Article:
The council is considering stronger action against the developers of a May Street subdivision following heavy rain that washed large sediment loads into the Goulburn wetland on Friday night.
Residents registered 55mm during a torrential downpour that started at 5pm Friday and continued until 9pm. Goulburn Airport received 60mm in the 24 hours to 9am Saturday.
For the third time since August, heavy rain washed sediment from a cleared subdivision at 99 May Street, below Rocky Hill, into the wetlands below. Vegetation was cleared from the area late last year to make way for the development.
Friends of Goulburn Swamplands (FROGS) volunteer Heather West said it was very distressing after all the hard work people had devoted to restoring the wetland.
"All the plants that Australian Plant Society had put in on the hillside leading to the top picnic table have been uprooted," she said.
"...The road in front of the picnic shelter will also need to be replaced as water got in underneath and lifted it."
The rush of water also scoured out areas around the wetland, washed away bark chip and filled the swampland with sediment that volunteers feared had upset the ecosystem.
Council general manager Warwick Bennett said staff had been talking to the developers for four months about the runoff. In early November the council issued a stop-work order and penalty infringement notices against the company and ordered a host of remedial measures to contain water from the sloping land during heavy rain.
At that time, Mr Bennett said the company had been very proactive with compliance and had implemented additional measures of its own volition.
But on Monday, this view had changed.
"We don't believe they have addressed it as well as they could and there's a hell of a lot of work needed on the site. It is very frustrating," he said.
"The detention ponds are inadequate. Unfortunately for them it has been an extremely wet season but that is not ours or the neighbours' problem. They need bigger pumps to get the water away."
He told The Post that the council was considering its options following Friday's deluge, including another fine. But legal action was also a possibility, as fines were "a lot more substantial" if the case was proven.
A neighbour, Judith Ferneley, photographed the rush of muddy water that flooded May Street on Friday afternoon, which was flowing into the wetland.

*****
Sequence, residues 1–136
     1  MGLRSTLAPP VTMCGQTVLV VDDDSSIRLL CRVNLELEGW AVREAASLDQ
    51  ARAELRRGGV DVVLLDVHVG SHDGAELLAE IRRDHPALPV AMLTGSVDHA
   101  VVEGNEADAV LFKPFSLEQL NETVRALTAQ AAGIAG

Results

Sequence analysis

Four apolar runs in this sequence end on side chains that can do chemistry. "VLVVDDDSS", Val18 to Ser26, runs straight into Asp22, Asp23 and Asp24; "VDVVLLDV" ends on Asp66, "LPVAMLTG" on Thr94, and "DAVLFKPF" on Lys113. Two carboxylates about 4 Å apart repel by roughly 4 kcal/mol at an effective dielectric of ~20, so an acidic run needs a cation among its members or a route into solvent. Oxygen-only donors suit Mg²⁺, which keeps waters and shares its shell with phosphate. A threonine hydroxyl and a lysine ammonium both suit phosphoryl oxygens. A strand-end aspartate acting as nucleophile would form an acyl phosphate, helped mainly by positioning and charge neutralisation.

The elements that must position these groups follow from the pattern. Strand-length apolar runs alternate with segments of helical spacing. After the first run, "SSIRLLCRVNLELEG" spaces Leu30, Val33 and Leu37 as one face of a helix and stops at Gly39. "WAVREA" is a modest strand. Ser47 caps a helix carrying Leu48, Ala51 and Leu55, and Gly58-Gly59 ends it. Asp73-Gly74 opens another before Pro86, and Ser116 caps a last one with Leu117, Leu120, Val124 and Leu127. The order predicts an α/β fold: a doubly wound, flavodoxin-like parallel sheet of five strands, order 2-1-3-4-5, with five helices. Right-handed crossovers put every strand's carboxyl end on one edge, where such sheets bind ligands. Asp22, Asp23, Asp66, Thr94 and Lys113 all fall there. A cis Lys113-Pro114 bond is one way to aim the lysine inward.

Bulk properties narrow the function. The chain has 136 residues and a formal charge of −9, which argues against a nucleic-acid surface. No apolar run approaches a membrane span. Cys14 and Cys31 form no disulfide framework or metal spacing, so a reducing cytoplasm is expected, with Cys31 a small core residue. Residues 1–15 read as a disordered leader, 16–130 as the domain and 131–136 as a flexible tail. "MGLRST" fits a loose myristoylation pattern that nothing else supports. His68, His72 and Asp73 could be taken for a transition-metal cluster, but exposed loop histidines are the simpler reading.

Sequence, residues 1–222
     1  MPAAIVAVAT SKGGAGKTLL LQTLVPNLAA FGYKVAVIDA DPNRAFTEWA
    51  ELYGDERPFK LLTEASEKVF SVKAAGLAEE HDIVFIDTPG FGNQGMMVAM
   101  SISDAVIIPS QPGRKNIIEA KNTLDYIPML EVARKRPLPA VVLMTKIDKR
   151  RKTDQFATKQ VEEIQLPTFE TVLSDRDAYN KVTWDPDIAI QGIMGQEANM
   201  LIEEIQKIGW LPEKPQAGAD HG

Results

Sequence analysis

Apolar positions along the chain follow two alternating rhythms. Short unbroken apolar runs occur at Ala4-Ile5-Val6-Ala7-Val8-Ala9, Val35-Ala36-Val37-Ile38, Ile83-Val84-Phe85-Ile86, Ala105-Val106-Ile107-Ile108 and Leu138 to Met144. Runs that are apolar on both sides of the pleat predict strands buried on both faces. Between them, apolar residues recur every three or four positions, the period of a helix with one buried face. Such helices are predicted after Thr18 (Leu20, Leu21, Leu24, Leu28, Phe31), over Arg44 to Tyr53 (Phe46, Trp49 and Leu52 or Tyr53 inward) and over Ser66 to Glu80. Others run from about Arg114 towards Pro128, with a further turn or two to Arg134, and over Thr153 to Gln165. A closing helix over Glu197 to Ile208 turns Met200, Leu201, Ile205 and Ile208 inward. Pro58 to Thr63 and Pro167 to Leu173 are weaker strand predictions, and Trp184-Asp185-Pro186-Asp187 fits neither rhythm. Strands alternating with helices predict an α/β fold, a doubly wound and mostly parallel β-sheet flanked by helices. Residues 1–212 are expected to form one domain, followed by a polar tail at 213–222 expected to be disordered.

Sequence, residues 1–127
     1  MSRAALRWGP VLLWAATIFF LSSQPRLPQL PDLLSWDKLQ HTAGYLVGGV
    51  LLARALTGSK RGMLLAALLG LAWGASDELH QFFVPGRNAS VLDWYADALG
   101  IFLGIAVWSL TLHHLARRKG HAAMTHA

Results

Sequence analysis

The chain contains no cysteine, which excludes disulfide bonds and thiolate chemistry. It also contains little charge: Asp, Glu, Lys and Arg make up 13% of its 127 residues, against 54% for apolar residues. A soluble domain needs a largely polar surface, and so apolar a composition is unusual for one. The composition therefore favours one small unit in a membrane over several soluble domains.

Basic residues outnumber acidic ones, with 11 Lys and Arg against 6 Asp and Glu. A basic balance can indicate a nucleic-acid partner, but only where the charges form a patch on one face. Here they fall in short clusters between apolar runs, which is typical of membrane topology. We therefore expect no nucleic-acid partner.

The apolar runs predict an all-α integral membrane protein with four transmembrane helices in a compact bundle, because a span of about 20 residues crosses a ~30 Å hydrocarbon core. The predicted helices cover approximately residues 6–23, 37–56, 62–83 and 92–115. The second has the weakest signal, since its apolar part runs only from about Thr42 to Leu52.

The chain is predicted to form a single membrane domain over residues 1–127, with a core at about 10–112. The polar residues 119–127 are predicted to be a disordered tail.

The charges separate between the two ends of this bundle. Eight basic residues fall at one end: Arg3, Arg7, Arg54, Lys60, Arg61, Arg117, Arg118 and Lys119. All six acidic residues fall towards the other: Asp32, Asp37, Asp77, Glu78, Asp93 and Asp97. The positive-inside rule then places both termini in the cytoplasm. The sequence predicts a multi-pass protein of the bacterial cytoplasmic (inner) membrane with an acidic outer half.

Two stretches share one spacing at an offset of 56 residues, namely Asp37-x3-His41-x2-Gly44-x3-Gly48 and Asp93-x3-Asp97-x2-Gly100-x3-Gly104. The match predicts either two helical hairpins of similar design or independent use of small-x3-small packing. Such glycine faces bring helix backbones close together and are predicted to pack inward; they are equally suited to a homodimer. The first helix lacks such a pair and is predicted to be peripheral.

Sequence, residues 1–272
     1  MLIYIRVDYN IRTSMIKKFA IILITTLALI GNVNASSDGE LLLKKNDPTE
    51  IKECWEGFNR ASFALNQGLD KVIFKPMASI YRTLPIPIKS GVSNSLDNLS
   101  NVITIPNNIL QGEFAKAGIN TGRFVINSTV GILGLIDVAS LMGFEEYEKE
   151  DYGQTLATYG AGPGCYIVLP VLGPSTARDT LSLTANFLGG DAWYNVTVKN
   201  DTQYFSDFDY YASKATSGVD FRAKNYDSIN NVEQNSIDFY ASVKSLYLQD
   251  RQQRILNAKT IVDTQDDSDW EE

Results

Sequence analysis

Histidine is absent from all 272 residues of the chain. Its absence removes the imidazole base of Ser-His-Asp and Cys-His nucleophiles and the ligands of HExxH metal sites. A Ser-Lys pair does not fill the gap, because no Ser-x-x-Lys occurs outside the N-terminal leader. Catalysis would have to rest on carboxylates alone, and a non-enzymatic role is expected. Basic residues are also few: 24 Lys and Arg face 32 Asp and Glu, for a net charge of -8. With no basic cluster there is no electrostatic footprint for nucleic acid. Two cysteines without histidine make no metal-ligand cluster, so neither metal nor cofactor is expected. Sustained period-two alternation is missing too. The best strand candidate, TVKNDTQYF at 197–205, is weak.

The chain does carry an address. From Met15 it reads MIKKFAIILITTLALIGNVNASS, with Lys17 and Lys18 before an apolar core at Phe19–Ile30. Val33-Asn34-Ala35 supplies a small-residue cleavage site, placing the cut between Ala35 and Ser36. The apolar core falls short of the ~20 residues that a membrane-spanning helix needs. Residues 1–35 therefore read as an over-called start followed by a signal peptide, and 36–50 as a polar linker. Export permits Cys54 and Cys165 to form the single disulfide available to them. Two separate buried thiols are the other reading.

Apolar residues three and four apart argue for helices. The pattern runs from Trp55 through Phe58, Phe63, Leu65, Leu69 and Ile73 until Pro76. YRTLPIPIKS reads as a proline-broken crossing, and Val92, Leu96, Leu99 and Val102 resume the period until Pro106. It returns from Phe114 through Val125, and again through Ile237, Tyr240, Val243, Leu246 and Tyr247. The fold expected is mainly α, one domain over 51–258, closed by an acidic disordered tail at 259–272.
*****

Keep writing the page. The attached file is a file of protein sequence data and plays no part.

She noted that the developers had pumped out the onsite detention dams earlier on Friday ahead of the forecast rain. While they did not burst, Ms Ferneley noted that the dams appeared badly damaged.
The developer has declined comment. However it's understood they have worked with neighbours to repair damage and clean up the wetland. The 28-lot subdivision will be known as The View.
Mrs West appreciated the company's help but said the wetland had suffered damage. On Saturday she stood in an area once partially covered in plants that had been scoured out by the rain.
A local Australian Plant Society spokesperson said plants had been uprooted and a "significant number" had died from being covered in clay. The recent damage had exceeded that from previous heavy rain and had impacted hard infrastructure.
"The disheartening effect of such repeated damage to gardens which otherwise have been showing such promise can hardly be expressed," she said.
FROGS Landcare is preparing a report for the council and the Environmental Protection Agency.
Mrs West said she'd prefer that heavy runoff from the subdivision was piped directly to the Mulwaree River rather than into the wetlands.
"If the bottom of the wetlands is filled with silt it makes it more shallow and flows out into the Mulwaree Ponds when it fills up," she said.
"...We'll get the water tested because we don't know what effect (the silt) will have on the ecology. It is an ecosystem, supposedly, but the topsoil from the hill is having an impact."
Volunteers will be cleaning up at the site on Wednesday and Mrs West says more helpers are needed.
Meantime, Mr Bennett said the council was tallying the damage from Friday's storm. It appeared to be confined more to the Goulburn and Tarago areas.
Goulburn has received 123mm so far this month, with 118mm of that falling on Friday and Saturday, according to the Bureau of Meteorology.
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